Where to Drop the Other Shoe

Designers are reappraising closet space


MANY OF THE THINGS that end up making us happy or unhappy with a house are surprisingly mundane. One of these elements is storage space, which just recently has begun to receive an outpouring of attention from the homeimprovement industry and more notice than usual from homebuilders. Most new houses, and condominiums especially, suffer from not having enough.

Why this should be so is hinted at by some long-running trends in homebuilding—particularly the dwindling away of storage space at the top and bottom of the home. In 1960, of America’s 58,300,000 houses and apartments 54 percent had basements—large, useful places where a family could keep saws and hammers, a ladder or two, jumbo canned goods, and a freezer full of food, and probably still have room left over for a washer and dryer and a Ping-Pong table. But basements have ceased to be so common. By 1983 there were basements in 42 percent of America’s 93,044,000 housing units and in only 32 percent of new detached houses. Meanwhile, since at least the 1950s the tendency has been to build houses with low, windowless attics and, increasingly, to embellish the living quarters with vaulted and other “volume” ceilings, subtracting still further from the little remaining storage space overhead.

Modernists repeatedly de-emphasized storage. The great German architect Mies van der Rohe brought to America the promise of an elegantly proportioned austerity. The house he designed for Edith Farnsworth, in Plano, Illinois, in the late 1940s, demanded that the owner display a few exquisite objects and dispose of nearly everything else as unsentimentallv as last w7eek’s newspapers. The glass house that Philip Johnson, then in his Miesian period, built in New7 Canaan, Connecticut, in 1949 contained exactly one closet, sometimes called a “storage wall”; it stopped w’ell short of the ceiling.

Even less-precious modern houses, such as many of the ones described in Katherine Morrow Ford and Thomas H. Creighton’s 1951 book, The American House Today, advanced the idea that because of the growing availability of food, entertainment, and services outside the home, “preparation and work and storage spaces became less important.” Modern houses were supposed to make do mostly with bookshelves, roomdivider storage units, and built-in furnishings (often beautifully constructed but too small to hold bulky things). It remains one of the curiosities of recent history that simplified, sparse-storage houses worked their way toward the mainstream just when the United States was entering a period of unprecedented material abundance and commercial television was becoming the most powerful engine of consumption that the world has yet to encounter.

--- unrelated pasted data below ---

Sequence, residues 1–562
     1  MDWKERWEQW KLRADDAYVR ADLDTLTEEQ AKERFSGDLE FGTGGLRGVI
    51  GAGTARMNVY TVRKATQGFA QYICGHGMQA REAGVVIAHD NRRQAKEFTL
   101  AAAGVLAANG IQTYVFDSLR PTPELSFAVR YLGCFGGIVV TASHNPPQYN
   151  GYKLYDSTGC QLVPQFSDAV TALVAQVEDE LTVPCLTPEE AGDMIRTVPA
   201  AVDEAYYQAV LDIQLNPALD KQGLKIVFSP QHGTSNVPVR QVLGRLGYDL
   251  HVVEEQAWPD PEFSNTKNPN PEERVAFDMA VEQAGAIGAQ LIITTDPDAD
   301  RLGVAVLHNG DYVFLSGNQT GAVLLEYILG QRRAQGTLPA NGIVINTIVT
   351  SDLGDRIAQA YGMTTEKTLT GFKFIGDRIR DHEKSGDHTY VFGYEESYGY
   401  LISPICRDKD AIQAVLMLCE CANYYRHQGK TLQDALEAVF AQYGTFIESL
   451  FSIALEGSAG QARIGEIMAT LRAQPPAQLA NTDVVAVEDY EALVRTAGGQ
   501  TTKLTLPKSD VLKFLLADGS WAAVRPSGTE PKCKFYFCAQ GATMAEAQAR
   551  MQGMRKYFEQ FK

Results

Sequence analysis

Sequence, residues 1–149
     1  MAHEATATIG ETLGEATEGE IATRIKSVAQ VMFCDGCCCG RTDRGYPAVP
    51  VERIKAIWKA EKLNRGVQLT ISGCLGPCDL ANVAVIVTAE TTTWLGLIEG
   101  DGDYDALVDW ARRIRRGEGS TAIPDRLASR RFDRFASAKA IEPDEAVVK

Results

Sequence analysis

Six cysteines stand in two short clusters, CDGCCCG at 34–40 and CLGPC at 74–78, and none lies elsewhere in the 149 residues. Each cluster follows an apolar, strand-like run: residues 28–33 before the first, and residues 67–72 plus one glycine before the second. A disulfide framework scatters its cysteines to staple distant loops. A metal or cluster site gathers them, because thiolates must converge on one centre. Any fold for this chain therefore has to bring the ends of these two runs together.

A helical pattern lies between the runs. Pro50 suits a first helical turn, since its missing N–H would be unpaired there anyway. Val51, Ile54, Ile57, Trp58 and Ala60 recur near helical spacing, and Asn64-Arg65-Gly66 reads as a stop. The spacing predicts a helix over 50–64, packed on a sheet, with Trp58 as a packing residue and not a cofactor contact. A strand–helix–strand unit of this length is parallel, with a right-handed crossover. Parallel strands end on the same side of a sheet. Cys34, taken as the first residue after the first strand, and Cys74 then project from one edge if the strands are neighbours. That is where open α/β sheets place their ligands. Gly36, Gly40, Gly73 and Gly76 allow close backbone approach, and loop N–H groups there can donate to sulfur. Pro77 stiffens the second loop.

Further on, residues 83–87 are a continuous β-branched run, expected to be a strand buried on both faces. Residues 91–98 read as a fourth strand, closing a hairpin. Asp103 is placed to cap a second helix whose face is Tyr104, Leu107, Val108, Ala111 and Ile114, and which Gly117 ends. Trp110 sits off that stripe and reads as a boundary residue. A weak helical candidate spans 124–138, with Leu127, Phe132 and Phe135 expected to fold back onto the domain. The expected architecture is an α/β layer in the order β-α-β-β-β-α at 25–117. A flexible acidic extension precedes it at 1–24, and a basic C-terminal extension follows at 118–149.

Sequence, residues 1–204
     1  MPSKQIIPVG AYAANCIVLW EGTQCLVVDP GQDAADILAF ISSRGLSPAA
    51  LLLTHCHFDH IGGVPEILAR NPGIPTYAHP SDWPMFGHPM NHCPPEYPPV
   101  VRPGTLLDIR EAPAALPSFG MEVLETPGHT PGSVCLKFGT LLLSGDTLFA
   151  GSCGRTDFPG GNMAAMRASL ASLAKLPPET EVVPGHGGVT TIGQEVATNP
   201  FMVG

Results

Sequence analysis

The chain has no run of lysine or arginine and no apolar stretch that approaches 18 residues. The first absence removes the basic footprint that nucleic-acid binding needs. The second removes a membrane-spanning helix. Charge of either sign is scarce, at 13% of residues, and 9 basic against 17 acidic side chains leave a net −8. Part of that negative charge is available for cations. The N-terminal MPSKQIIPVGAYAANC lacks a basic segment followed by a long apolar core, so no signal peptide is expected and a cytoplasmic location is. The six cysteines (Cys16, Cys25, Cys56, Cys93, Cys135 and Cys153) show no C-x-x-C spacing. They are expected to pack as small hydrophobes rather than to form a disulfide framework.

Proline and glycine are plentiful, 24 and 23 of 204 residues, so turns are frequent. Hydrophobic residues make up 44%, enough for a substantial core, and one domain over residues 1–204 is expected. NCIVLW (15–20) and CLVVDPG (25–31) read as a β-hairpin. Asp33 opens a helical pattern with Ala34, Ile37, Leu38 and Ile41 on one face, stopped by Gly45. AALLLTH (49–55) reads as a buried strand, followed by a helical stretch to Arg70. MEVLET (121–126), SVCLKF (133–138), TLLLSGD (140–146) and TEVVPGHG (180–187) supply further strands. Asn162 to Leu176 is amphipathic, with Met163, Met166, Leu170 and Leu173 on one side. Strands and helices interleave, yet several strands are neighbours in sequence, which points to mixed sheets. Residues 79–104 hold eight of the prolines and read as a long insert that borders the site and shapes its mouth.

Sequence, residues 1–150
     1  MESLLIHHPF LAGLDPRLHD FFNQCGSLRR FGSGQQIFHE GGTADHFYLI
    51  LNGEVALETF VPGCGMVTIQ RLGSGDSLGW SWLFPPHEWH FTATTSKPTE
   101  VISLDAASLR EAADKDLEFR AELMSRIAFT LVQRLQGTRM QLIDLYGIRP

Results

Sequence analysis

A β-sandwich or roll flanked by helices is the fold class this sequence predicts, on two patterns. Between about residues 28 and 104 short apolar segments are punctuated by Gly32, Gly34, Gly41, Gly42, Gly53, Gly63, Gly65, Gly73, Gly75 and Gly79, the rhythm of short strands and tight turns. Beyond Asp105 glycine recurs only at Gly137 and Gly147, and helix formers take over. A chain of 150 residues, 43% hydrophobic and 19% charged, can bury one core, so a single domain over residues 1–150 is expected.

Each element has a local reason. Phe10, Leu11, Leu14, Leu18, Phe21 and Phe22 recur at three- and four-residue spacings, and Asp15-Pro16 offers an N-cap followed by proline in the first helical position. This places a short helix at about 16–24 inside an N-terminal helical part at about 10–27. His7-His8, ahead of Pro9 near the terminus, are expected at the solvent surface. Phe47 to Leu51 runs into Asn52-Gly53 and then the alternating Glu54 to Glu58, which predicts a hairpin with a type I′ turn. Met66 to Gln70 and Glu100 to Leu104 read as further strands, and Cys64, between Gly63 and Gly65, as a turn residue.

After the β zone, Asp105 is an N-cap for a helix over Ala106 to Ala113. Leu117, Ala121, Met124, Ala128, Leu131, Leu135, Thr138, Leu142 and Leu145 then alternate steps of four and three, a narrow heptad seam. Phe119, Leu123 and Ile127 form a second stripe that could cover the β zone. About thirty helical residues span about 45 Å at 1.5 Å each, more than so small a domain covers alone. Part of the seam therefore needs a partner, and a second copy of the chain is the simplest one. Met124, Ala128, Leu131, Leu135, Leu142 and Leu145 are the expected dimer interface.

Belatedly, the clash between too much stuff and too few places to put it is being recognized and resolved. Builders are constructing oversized garages and increasing the storage capacity of two living areas—the kitchen and the master bedroom. It is now routine to find a pantry in the kitchen. “We put a pantry in nearly every house we build,” says Gary Schaal, of Scarborough Corporation, a New Jersey builder that last year introduced a Working Woman’s Dream Home, using ideas suggested by a panel of employed women.

Gary A. Kecskes, of the Lawrence Institute of Technology School of Architecture, in Southfield, Michigan, observes that in newly built houses two kinds of pantries are becoming more common. One of these, located between the kitchen and the dining room, is the butler’s pantry, which is appearing in a growing number of upper-middle-class houses, even those whose owners don’t have servants. Often this walk-through room contains a sink, counter space, and cabinets. While butler’s pantries are going into new executive-level houses, designers are, ironically, busy removing the butler’s pantries from old houses, so that kitchens too cramped for today’s tastes can be expanded.